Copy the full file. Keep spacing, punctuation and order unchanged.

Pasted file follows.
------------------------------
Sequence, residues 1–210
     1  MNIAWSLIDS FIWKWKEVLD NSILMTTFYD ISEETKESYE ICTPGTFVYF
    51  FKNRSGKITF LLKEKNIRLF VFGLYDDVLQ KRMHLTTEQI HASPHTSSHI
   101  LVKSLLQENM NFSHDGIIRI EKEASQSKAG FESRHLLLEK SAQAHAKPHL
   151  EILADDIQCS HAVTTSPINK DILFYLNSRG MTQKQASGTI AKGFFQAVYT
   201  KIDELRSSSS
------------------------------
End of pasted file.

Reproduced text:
Sequence, residues 1–210
     1  MNIAWSLIDS FIWKWKEVLD NSILMTTFYD ISEETKESYE ICTPGTFVYF
    51  FKNRSGKITF LLKEKNIRLF VFGLYDDVLQ KRMHLTTEQI HASPHTSSHI
   101  LVKSLLQENM NFSHDGIIRI EKEASQSKAG FESRHLLLEK SAQAHAKPHL
   151  EILADDIQCS HAVTTSPINK DILFYLNSRG MTQKQASGTI AKGFFQAVYT
   201  KIDELRSSSS